A notary public in River Valley is a public servant appointed by a state official. The general focus of his or her job is to witness the documents’ verification and administer oaths. They serve to deter fraud, appearing as an impartial witness for legal documents such as affidavits, deeds or powers of attorney. The presence of a notary public helps to screen for imposters and make sure both parties are entering into an agreement knowingly and willingly.
Similarly, legalization is the process of proper authentication or screening of documents or the notary by the high commission or the embassy or the consulate of the country in which the document is to be used is authorized to or located in Singapore. In simple terms, it is the official confirmation of the originality of the documents or we can say that document legalization is just the confirmation that the stamp, seal or the signature showing in the document is genuine and not a fraud.
River Valley Notary Public Service Locations
A notary public is an officer chosen at the state level to serve as an impartial witness to the signing of documents. Dependent on the state in question, he also offers a number of other services such as administering of oaths, fingerprinting and wedding services. Notaries take a fee set by their state for these services. Notary public rates may vary from state to state.
In Maryland, a notary can demand and receive a fee of not more than $2 for the performance of an original notarial deed. He may demand not more than $1 for each signature on each extra copy of the original document. A notary can receive up to 25¢ per mile and a fee not exceeding $5, as compensation for travel in the performance of a notarial act. Unless otherwise allowed by law, notary public rates may not go beyond this amount.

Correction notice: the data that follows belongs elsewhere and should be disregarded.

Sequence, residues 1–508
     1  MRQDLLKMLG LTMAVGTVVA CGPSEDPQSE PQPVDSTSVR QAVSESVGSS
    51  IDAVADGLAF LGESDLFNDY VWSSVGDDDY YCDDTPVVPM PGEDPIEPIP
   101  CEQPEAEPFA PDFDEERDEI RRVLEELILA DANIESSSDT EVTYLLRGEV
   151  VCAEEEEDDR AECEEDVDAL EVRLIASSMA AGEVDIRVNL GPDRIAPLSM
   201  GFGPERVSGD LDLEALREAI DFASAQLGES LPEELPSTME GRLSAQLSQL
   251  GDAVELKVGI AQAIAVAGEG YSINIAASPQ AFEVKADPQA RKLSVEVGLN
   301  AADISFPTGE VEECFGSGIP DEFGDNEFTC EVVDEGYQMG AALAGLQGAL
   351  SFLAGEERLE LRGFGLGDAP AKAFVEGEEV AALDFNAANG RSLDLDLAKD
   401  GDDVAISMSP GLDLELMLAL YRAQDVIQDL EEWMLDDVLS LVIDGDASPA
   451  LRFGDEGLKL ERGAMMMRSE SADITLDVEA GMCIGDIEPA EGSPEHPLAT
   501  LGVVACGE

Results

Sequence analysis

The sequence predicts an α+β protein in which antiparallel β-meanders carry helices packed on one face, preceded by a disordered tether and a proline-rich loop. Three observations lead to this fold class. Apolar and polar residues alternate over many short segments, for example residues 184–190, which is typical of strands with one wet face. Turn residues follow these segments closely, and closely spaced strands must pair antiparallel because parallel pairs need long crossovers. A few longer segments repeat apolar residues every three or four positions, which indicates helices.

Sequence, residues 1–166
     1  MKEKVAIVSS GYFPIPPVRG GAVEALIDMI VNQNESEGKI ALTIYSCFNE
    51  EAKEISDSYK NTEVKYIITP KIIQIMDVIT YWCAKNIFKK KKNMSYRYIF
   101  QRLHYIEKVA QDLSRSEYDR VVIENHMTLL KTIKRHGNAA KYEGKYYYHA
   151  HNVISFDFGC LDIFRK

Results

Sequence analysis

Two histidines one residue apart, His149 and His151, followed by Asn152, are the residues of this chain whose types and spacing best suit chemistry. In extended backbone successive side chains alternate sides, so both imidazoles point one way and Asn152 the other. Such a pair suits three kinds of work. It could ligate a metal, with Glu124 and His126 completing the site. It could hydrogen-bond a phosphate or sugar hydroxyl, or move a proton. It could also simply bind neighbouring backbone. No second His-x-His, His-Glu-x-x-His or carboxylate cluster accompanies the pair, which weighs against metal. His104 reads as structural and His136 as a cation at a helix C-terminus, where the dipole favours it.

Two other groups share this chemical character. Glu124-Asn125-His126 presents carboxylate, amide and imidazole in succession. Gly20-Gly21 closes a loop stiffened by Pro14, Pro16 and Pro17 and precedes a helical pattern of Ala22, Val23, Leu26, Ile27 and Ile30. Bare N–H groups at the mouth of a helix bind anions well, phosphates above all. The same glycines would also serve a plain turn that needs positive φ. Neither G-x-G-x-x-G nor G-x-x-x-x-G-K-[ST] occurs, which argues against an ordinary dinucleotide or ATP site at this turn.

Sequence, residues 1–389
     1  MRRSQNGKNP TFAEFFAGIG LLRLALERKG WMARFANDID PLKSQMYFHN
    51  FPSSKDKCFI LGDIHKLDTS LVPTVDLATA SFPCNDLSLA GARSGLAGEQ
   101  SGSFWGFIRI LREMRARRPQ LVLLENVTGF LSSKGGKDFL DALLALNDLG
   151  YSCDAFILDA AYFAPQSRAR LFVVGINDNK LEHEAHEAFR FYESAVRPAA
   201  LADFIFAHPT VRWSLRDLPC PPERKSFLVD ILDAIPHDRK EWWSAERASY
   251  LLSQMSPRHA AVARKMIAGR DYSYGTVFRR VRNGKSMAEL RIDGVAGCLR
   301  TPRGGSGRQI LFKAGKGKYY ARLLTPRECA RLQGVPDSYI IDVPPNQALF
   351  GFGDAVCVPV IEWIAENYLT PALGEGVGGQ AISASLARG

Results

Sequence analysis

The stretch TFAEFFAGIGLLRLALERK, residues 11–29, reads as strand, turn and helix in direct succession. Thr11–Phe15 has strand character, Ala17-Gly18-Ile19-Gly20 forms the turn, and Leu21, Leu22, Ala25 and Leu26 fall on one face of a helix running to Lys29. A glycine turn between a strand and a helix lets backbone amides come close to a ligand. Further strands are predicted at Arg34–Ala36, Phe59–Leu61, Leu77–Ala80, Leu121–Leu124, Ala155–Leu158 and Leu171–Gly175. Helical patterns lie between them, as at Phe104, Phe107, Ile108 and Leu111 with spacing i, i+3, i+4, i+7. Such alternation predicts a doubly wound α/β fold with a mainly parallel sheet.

A notary public who charges more than the maximum declared by each state subjects himself to possible criminal action. Suspension or revocation of the notary public commission by the Secretary of State's office is also possible.
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The affidavit is a written version of sworn statement: a voluntary oath before a notary public, judge or commissioner of deed, all of whom are authorized to administer oaths. Both the affiant and the authorized officer are required to sign the affidavit.
The affidavit is also a useful tool in rectifying inadvertently wrongful data.
A simple example of an affidavit is the "Affidavit of Two Disinterested Persons" purposely to facilitate the correction of another person's name. These two (2) particular disinterested persons issuing the affidavit are usually older close acquaintances of the other person's family. The affidavit they swear to will explicitly state that they both know that the person seeking the correction of name is one and the same as that person they know since childhood years, etc. etc.
The affidavit speaks for a person and of a person. Depending on the motives by which an affidavit is presented, affidavits can either be moral or immoral. Affidavits can be good or bad.
Affidavits, however legalese it can get, is also an affirmation of a person's being. An affidavit can actually bares one's soul for the world to know - better or worse.
The use and abuse of affidavits is common. Affidavits can make or break anyone. Affidavits can build or ruin an empire. Why? Affidavits spin off court litigations, small or great. Affidavit could be that minute cog of the big machine of justice or injustice. Take your pick!